"Development and Demonstration of an Ultra-Low-Background Liquid Scintillation Counter,"
Ph.D. Dissertation, Nuclear Engineering, Texas A&M University, College Station, TX (2017).
The Ultra-Low Background Liquid Scintillation Counter (ULB LSC)
constructed at Pacific Northwest National Laboratory further
expands the capabilities of LSC by utilizing background reduction
techniques to achieve lower minimum detectable activities,
enhancing alpha and beta detection for samples that have previously
required extended count times, large sample volumes, and/or complex
separation chemistry. The three-chamber system design includes
layers of passive shielding in conjunction with an active veto and
overburden with the goal of reaching background rates on the order
of 10 to 100 counts per day.
GEANT4 simulations for the full shield showed an expected count
rate of 10 counts per day from the environmental physics
backgrounds, in addition to a systematic count rate of 15 cpd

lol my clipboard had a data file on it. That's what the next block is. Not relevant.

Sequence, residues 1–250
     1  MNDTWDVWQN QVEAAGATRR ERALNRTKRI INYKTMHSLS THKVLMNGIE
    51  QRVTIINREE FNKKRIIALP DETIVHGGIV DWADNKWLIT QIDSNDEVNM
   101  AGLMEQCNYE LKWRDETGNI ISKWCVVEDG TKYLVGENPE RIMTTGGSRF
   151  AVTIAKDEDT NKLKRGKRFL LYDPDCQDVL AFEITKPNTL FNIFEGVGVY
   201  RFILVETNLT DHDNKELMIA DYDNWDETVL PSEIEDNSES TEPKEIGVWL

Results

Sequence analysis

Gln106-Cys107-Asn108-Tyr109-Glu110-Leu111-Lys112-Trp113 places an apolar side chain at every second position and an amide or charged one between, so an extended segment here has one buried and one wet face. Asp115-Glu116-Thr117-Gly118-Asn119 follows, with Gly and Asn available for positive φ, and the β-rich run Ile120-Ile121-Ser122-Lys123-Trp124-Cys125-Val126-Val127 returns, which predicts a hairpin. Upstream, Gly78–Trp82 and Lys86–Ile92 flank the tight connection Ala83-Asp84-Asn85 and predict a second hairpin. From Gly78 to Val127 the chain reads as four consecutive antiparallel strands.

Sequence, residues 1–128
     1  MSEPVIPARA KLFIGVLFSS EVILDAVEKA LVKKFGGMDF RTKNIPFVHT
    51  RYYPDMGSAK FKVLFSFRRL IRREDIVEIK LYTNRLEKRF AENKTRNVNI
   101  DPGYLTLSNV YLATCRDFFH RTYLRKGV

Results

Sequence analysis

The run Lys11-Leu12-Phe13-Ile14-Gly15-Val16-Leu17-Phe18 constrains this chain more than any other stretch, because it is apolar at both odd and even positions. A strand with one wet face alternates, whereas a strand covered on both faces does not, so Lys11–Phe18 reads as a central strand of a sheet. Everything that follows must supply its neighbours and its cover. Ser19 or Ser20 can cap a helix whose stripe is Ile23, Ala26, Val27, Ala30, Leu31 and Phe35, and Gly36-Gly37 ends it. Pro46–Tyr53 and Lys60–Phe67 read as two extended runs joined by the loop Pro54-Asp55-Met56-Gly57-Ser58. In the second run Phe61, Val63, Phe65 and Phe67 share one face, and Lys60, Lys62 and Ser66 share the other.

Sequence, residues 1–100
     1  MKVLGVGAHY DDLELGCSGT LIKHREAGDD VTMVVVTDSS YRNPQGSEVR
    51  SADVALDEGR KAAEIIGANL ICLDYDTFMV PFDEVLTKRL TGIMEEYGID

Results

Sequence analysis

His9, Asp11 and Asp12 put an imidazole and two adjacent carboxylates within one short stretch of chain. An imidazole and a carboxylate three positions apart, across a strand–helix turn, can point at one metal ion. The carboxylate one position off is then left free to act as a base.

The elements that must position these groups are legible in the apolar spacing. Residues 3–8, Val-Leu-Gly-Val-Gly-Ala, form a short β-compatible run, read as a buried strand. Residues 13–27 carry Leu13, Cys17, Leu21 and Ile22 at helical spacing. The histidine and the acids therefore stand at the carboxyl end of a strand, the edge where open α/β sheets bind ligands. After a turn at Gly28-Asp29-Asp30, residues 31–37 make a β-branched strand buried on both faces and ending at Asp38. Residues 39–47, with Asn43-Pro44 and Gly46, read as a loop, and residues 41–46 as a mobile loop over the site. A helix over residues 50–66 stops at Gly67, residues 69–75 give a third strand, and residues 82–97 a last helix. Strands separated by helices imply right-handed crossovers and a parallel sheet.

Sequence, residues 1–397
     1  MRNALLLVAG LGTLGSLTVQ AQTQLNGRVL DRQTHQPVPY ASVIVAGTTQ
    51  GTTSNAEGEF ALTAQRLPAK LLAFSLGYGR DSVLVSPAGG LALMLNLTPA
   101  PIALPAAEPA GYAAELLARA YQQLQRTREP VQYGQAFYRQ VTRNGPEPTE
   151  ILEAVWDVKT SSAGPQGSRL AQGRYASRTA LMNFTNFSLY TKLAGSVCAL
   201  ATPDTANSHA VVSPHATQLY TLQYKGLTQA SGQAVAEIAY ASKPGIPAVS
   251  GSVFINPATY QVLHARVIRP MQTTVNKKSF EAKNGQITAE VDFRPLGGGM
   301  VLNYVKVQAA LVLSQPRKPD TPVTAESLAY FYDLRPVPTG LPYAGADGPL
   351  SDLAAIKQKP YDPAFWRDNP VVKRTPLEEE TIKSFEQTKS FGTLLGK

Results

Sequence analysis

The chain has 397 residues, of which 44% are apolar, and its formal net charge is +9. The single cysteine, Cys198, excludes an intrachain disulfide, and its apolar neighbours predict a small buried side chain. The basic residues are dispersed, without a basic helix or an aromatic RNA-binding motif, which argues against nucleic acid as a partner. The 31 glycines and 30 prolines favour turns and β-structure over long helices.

expected from initial tests with a partial build. The observed
chamber background is just above 50 cpd, including systematic and
physics backgrounds, over an energy range of ~13- 2700 keV. While
twice the initial expectation of 25 cpd, the observed background is
still within the target range of 10-100 cpd. This is an improvement
of approximately 2 orders of magnitude below the background
environment of commercially available systems.
Initial test results of 3H and 90Sr with the ULB LSC show
promising results for ultra-low background detection with liquid
scintillation counting. Further testing will improve
characterization of the efficiency, spectral capabilities, and
alpha/beta separation by pulse shape analysis. The ULB LSC broadens
trace level measurement capabilities that will impact applications
in nuclear nonproliferation, treaty verification, environmental and
geochemical science studies, and forensics.